It will take some time to learn all the phrasal verbs, so let’s take a look at them one by one. Below you will see the most common ones with the verb ’take’.
Phrasal Verbs with TAKE
1. be taken aback
to be shocked
- I’d been taken aback by his behaviour at first, but it didn’t seem so shocking later on.
2. take after somebody
resemble a parent (looks or behaviour)
- I take after my mother; I have the same hair colour and the same green eyes. Who do you take after?
3. take away
remove something from somebody / subtract (mathematics)/ carry food home from a restaurant
- Dad! Josh wants to take away my doll. Come and help me!
- If you have five apples and take away two, you’re left with three.
- A sandwich and a large Coke to take away, please.
4. take away from something
make the value of something seem less
- The fact that she’d cheated in the exam took away from her achievements.
5. take something apart
- I think you should take the keyboard apart to clean it properly.
6. take something back
to say that you don’t really mean what you’ve said or written
- Okay, okay, I’ll take it back. You’re not the worst singer I’ve ever heard.
7. take down
separate the pieces of a structure / write down
- We’ll have to take down the cupboard if we want to paint the walls.
- My colleague will show you the flat while I take down your personal details.
8. take for something
to regard as
- I don’t like being taken for an idiot.
- I won’t take no for an answer.
9. take in
give home to somebody / notice, absorb (and understand) / make clothes tighter/ to deceive
- Last week I took in a kitten and she’s already the queen of the house.
- I took in every word he said. It was an amazing speech.
- I’ll have this dress taken in at the waist, it’s too big.
- I’m easily taken in, so please don’t lie to me.
10. take off
remove clothing / remove hair (at the hairdresser’s) / airplane begins to fly/ to leave/ to become successful
- You don’t have to take off your shoes, just go right ahead.
- Can you take off just a little at the back, please?
- The plane took off twenty minutes late, but landed on time.
- They took off in the middle of the party.
- My career took off immediately after I’d graduated.
11. take on
accept a job, responsibility / to employ, hire somebody
- I can’t take on any extra work, I’m too busy.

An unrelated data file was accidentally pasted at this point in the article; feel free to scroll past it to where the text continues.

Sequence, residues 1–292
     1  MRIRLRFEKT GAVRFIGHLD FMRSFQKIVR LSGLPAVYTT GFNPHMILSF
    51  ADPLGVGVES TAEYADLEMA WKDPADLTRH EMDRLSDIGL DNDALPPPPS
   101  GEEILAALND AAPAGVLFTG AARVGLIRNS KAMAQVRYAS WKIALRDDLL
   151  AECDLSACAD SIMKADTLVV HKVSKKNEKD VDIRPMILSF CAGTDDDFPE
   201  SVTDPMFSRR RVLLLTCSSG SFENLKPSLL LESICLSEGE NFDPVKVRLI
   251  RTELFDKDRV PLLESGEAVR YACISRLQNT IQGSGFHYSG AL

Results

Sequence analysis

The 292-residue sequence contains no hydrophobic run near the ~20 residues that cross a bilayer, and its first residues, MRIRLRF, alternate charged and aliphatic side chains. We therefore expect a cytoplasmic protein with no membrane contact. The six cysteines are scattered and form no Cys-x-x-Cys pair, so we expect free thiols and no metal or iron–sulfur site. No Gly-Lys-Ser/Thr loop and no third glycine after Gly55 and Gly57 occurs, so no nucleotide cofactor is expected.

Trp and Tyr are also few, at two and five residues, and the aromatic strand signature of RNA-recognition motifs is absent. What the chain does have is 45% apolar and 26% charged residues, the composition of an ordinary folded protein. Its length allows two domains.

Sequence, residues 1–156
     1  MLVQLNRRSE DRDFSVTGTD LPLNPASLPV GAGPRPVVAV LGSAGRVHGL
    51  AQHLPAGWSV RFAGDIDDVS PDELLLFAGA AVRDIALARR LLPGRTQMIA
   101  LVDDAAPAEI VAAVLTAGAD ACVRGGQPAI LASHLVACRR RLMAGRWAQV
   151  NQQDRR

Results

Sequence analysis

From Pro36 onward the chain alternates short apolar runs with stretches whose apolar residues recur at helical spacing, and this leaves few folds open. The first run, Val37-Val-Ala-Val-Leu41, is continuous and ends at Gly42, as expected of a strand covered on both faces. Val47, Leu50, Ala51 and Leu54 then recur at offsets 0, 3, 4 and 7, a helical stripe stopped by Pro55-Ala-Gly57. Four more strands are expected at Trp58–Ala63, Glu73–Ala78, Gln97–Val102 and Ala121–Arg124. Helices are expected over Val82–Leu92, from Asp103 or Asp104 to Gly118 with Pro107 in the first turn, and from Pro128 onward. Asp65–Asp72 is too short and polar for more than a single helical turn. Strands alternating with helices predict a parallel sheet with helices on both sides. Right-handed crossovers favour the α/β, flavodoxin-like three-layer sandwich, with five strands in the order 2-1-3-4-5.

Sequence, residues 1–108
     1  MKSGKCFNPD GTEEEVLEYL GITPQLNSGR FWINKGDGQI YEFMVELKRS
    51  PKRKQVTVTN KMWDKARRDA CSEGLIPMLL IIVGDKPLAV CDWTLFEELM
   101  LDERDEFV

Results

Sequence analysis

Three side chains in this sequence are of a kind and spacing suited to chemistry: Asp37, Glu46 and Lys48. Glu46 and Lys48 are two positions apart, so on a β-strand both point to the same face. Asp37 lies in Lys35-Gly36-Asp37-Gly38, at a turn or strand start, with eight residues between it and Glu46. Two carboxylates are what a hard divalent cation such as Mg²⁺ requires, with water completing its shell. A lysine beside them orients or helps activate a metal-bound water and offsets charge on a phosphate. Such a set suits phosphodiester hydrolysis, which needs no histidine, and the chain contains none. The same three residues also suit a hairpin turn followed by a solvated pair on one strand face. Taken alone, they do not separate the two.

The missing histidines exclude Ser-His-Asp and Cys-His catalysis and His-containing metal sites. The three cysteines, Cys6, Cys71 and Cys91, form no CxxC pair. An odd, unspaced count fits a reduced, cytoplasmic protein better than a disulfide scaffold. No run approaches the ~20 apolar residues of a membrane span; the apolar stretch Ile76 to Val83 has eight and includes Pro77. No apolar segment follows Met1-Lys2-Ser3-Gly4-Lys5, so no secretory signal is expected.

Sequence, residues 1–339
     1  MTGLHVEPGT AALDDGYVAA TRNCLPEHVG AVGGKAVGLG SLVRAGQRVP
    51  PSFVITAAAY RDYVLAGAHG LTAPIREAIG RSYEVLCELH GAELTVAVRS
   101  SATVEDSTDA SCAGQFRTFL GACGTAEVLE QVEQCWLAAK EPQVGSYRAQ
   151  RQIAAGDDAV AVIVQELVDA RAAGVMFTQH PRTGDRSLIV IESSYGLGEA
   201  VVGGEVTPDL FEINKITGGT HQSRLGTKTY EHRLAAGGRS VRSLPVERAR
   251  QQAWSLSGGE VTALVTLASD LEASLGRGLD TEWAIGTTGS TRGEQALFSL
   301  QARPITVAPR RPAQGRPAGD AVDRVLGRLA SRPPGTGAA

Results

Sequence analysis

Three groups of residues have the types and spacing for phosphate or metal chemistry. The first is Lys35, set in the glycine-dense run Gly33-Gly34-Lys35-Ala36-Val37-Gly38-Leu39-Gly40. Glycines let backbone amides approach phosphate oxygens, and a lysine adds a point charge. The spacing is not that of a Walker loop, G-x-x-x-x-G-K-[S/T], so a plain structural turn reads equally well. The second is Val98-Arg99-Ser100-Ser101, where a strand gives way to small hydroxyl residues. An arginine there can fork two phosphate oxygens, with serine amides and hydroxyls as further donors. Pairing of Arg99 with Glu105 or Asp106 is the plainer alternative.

- They want to take on ten more assistants.
12. take over
- You can stop now, I’ll take over from here.
- Unfortunately, my company was taken over by a multinational firm and I lost my job.
13. take out
invite and go out with someone (to a restaurant, theater, disco etc) / to obtain some service/ get money from your bank account/ to kill somebody
- George is taking me out to dinner tonight.
- I had to take out a loan to start my business.
- Let’s stop at the ATM. I need to take out some money.
- The serial killer was taken out by snipers.
14. take (it) out on somebody
make someone feel bad, because you are feeling bad too
- Hey, I understand that you’ve had a horrible day, but don’t take it out on me.
15. take somebody through something
to explain something in detail to somebody
- I hope the instructions were clear. I can take you through it again if you want.
16. take to
to start liking/ to make a habit
- I’d been worried whether my dog would get on well with the new puppy. I shouldn’t have worried- he took to it immediately.
- I’ve taken to drinking my coffee black- I’d like to lose weight.
17. take up
start a new sport, hobby, school subject / fill space (or time)/ start again, resume
- When I’m fluent in English, I’ll take up Spanish lessons.
- This cupboard takes up too much space, I don’t want it in my living-room.
- We took up where we had left off.
18. take somebody up on something
accept an offer
- You’re always welcome to stay with us when you’re in Paris.
- Thank you, I’ll take you up on that the next time I come to France.
19. take something up with somebody
mention something in order to seek help from somebody
- Why don’t you take the matter up with your local MP (Member of Parliament)? I’m sure he or she could help.
I hope you’ve taken an interest in phrasal verbs. Remember: the verb ‘take’ also has many different meanings in itself, why not revise them here and now? It takes time and practice to learn a foreign language.